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But while from Sacred Writ his briefs he'll take,
None can his ergos or premises shake;
And if from Blackstone precedents he draw,
He right o’erlooks not in the search for law.
It ne'er was his the injured to oppress He aims to soothe; not magnify distress. Even in defeat he's calm_in triumph wise, Guarded from error, raskness, or surprize. His talents never graced a. tyrant's cause; Nor tortured, where they should uphold, the laws..
Thus may he good old age in comfort see, And hale in health, a HALE in station be. And should the ermind cloak his shoulders grace, Be it not earned by pandering for place! So when Death's mandamus shall warn him hence; At the great Bar this shall be his defence :“In Courts Below I've practised, mercy, love; For left unconn'd the rules of Courts Above!" Then with the few acquitted and forgiven, He may plead issue to the Judge in Heaven.
Enter we now the Farmer's homestead nigh;
See each utensil in its place laid by..
Mark the white dresser, with its copper pans,
The wooden noggins, and the pewter cans.
Nor fail to notice how the trenchers stand
In goodly rows, well cleaned with river sand.
Above the fire, where pots were lately hung,
The hooks are on the hangers careless swung ;
The furze no longer makes a crackling blaze,
But the white greeshough recent smoke displays.
Step to the parlour; in his wicker chair,
The father of the farm reclineth there-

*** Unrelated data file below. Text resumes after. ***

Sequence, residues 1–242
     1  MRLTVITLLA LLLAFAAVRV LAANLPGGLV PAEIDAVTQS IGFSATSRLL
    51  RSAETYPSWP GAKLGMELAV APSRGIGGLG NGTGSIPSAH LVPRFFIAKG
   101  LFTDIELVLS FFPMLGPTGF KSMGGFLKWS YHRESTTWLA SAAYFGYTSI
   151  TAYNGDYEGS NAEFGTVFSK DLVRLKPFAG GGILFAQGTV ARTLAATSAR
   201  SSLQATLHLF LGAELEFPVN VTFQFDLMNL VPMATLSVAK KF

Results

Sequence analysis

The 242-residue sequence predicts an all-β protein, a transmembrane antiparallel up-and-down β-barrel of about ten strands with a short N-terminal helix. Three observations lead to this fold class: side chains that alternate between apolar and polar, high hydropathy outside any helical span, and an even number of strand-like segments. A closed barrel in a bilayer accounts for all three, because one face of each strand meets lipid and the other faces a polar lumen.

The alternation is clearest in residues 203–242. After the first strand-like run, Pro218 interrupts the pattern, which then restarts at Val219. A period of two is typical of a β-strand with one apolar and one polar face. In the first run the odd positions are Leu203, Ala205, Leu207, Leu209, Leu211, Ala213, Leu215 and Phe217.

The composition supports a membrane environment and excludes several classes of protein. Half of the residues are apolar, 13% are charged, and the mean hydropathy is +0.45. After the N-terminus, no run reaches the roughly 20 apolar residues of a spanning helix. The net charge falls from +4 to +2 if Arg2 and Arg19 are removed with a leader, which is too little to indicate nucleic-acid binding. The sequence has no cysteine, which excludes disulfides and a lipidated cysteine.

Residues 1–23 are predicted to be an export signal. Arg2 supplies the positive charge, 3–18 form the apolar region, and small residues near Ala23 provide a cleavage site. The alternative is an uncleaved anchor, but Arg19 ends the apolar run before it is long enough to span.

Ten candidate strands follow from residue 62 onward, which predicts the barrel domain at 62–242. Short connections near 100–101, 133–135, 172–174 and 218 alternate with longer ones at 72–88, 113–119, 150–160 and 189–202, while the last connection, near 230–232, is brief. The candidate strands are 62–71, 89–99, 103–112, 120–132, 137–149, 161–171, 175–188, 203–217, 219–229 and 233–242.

Ilis children vying round him which shall show
Who most to ease and comfort him doth know.
The labour of the day is past and done;
Anxiety is sinking with the sun;
The household gather by a well-kept rule,
Like formal urchins in the Village School;
Solemn their silence while the good man reads
A chapter from the Patriarchs and their deeds ;
Then all unite to chaunt a holy air,
And the day ends, as it began, with prayer.
His eldest son has reached a foreign shore,
To seek a home, and thence return no more ;
His youngest dreams at night his thoughts by day,
That he too would be happier far away-
Fond visions that allure but to betray.
One care disturbs the old man's rest alone:
His hard-earn'd vote he cannot call his own;
A haughty landlord claims it as his right,
And conscience is compelled to yield to might.
Nor less in worth the partner of his care,
Though frugal, she is still content to share.
With unaffected dignity and grace,
She fills the arm-chair in its fireside place ;
Hands round the tea with all a housewife's ease-
Tries every art her visitors to please ;
Tells o'er some lively tale or lucky hit,
(For the good lady is expert in wit,)
Or silent listens to each prattling friend,
Much. too polite their self-love to offend.
But should dark scandal raise its direful head,
To wound the living, or assail the dead,
Some soothing balin the dame will swift apply;
She scorns a slander, and abhors a lie.
The beggar never leaves the farmer's door:
Without addition to his wallet's store;
And oft at second dinner you may find